Carbon taxes and international Co2 quotas were never more than just another financial con to make money out of nothing. Just like the federal reserve and the bank of England, making money out of thin air.
      “Money for nothing, cheques for free” so to speak.
      We will never manage this planet if we hold on to insane practices, I see as much corporate manipulation in the organised centralised green movement as I do with the supposed black or fossil fuel stranglehold.
      I think we should all fight together for the truth of all of it and seek transparency at all levels. Just fighting one whilst simultaneously accepting the insane proclivities of the other is no more rational.
      So I say let’s drag out the truth from all levels of government, industry and corporate industry and the financial insanity that pervades all of that and us.
      Then perhaps we can build a future on this planet with some sort of logical sane and rational base for everyone, not just for a few psychopaths who just want to see the world burn, rather than give up their power over all of us.
      Perhaps then, and only then, can we do something about repairing and reinstating this damaged planet back to the state in which the human race found it?

  3. Sherwulfe-yep, it was lovely in the work house. As much gruel as you wanted as long as Oliver was not in front of you in the queue. Rickets was really helpful when riding a horse, and all those smutty chimneys were a job creation scheme for the thin kids. Utopia!

  4. I should save your time with the facts, Injuneer. Fallow ground. Or, of course, there could be an audience of wind turbine salesmen, lobbying for their industry?

    I note Drax are a bit miffed that the Government is not stepping up to the trough for conversion of the other units. A small sign that sanity has not evaporated altogether.

  5. “Democrats and the media have been on a yearlong deep dig into Russian involvement into U.S. elections. But when you dig a hole you sometimes run across things you wish had remained buried — like the dirt pointing to Russian ties to the U.S. environmental movement.

    Democrats hoped their digging would expose some kind of Russian connection to President Donald Trump. That hasn’t happened.

    But as the investigations have progressed, there is a growing realization that Russians were trying to influence the political process and policy debates, including environmentalists’ efforts to limit or stop hydraulic fracturing, or fracking, an innovative crude oil and natural gas drilling process.”

    Much more at: http://thehill.com/opinion/energy-environment/357344-democrats-dig-for-russian-connection-and-uncover-environmentalists#.WfMoHVORfxM.twitter

    • Refricktion …….

      YES , the Russians are infultrating all aspects of western society. Look how they are shaping the lives of UK and US citizens.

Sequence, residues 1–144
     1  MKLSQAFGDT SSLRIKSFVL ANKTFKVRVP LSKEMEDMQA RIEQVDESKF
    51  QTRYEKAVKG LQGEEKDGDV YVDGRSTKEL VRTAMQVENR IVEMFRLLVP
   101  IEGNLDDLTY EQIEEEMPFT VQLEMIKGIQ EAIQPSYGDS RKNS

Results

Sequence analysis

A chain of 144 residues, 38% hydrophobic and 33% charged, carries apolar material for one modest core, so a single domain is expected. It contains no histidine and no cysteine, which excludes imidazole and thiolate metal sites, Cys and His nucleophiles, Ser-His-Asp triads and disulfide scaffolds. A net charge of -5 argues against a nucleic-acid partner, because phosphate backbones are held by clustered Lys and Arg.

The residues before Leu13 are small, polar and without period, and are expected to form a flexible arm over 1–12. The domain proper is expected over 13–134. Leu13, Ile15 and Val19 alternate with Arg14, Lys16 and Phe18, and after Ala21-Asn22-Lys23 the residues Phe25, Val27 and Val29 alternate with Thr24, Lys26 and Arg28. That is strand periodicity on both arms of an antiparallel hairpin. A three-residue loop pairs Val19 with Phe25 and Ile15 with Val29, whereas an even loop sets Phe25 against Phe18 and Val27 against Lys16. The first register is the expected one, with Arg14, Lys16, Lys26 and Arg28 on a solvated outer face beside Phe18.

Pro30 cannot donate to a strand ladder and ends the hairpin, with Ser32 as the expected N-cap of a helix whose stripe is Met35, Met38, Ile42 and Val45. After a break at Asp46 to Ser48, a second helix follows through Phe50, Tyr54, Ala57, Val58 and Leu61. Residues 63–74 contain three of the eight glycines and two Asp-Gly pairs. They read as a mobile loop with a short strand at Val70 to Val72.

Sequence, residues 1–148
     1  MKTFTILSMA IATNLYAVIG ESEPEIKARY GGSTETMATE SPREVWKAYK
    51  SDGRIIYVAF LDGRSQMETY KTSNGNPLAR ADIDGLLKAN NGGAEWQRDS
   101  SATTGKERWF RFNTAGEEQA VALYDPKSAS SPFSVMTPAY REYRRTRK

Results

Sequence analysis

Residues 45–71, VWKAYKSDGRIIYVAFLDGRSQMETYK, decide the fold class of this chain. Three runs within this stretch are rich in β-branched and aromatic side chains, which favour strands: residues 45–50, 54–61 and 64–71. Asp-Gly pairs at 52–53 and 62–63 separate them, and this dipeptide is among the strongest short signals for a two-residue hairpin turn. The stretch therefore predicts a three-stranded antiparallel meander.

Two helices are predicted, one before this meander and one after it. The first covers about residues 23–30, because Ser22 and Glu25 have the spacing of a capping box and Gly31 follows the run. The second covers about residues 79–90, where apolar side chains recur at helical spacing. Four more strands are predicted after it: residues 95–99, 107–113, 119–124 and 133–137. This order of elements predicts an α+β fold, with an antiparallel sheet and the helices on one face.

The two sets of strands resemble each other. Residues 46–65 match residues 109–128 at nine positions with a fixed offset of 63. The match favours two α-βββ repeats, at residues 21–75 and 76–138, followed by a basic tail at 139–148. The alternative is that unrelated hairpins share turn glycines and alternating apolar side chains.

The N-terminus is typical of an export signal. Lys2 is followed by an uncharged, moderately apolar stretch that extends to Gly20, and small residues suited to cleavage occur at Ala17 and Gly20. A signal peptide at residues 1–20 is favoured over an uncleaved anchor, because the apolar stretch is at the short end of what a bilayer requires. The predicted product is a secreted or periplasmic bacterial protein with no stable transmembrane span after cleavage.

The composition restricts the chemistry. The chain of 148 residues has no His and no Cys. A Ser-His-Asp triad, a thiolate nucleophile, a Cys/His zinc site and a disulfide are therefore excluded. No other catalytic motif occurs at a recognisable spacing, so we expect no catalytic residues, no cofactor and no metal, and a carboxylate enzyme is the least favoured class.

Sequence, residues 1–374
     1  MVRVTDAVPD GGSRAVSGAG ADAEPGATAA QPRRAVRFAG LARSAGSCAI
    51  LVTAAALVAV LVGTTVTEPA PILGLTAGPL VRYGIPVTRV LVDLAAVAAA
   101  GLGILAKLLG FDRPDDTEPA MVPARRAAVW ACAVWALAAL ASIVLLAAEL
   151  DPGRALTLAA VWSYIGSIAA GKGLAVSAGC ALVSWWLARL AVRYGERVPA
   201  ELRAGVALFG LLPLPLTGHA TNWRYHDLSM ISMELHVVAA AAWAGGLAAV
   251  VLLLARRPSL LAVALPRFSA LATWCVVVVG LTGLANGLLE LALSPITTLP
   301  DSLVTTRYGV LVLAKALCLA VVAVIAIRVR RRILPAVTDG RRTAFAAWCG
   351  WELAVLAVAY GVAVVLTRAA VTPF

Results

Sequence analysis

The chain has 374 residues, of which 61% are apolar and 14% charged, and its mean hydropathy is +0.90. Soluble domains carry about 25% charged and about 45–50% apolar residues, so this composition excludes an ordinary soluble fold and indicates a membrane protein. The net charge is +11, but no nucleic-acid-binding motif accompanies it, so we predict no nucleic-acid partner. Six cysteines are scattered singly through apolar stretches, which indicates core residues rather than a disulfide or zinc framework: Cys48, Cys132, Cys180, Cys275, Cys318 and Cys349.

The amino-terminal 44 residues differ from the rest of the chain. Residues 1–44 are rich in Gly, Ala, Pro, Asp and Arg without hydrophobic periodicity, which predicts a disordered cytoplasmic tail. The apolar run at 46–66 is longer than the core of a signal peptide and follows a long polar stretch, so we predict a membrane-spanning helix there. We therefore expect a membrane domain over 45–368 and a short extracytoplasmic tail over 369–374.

It was said that a 140 year woman living in the Outer Hebrides whose Cat got stuck up a tree, swears blind she saw Vladimir Putin dressed as a chamber maid deliberately put it there during the middle of the night.

      I’m also certain that Putin had a direct hand in me braking my finger nail this morning ….

      BRING ON the Russian blame game , we could do with some light entertainment and laughter on here.

  6. https://i.guim.co.uk/img/media/489a347972738e3998c495121f26176c63771d71/0_29_1415_849/master/1415.jpg?w=620&q=55&auto=format&usm=12&fit=max&s=27a2cb2b5efa900a90a59b36f3a3098c

    Concerning events today announced in the regional parliament of Catalonia by Carles Puigdemont today which was 83 years to the month of a similar declaration of independence, where the leader was imprisoned and Catalonia occupied.

    The possibility of Spain imposing the central rule of the Catalan breakaway attempt by force is concerning and after the incredibly violent and armed attempts to crush the referendum earlier in the month does no bode well for the peace of the area.

    The independence speech was interesting in that it stated that Spain wanted to impose “harm” and one of those intended harms amongst the list, was fracking?

    That in itself is remarkable don’t you think? the sticking point seemed to be the total blanking and aggressive attitude of the Spanish government to even discuss the proposals and then the violent invasion of the Spanish police to break up the referendum. Perhaps there is a lesson to be learned from that, by which i mean talk seriously before it gets this far, jaw jaw, not war war, though i suspect certain parties here will see it rather differently?

    Teresa May states that she and her government will not recognise an independent Catalonia, Macron of France has also said the France will not recognise an Independent Catalonia.

    I am sure we all wish whole heartedly for this situation to be settled peacefully one way or the other, but perhaps from previous experience from the Spanish police, who looked and acted more like military stormtroopers, it does not look good?

    • Phil C
      A comment inspired by your thoughts, not disagreeing with them.
      Thank goodness we live in the UK. If Scotland had voted to leave, goodbye with regret but let’s crack on and stay friends.
      Maybe in the EU you can check out any time you like, but never leave.
      No o e will rush to recognise Catalonia at present, but my brother ( an economist who is there ) says they would be happy to sign a trade deal should they become independent.